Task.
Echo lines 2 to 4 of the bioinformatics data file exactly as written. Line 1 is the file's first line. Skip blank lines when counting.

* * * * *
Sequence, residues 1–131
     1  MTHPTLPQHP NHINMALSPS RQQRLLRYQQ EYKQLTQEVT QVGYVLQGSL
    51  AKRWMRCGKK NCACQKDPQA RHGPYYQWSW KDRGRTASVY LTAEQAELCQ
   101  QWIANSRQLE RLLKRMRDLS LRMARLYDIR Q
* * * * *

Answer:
     1  MTHPTLPQHP NHINMALSPS RQQRLLRYQQ EYKQLTQEVT QVGYVLQGSL
    51  AKRWMRCGKK NCACQKDPQA RHGPYYQWSW KDRGRTASVY LTAEQAELCQ
   101  QWIANSRQLE RLLKRMRDLS LRMARLYDIR Q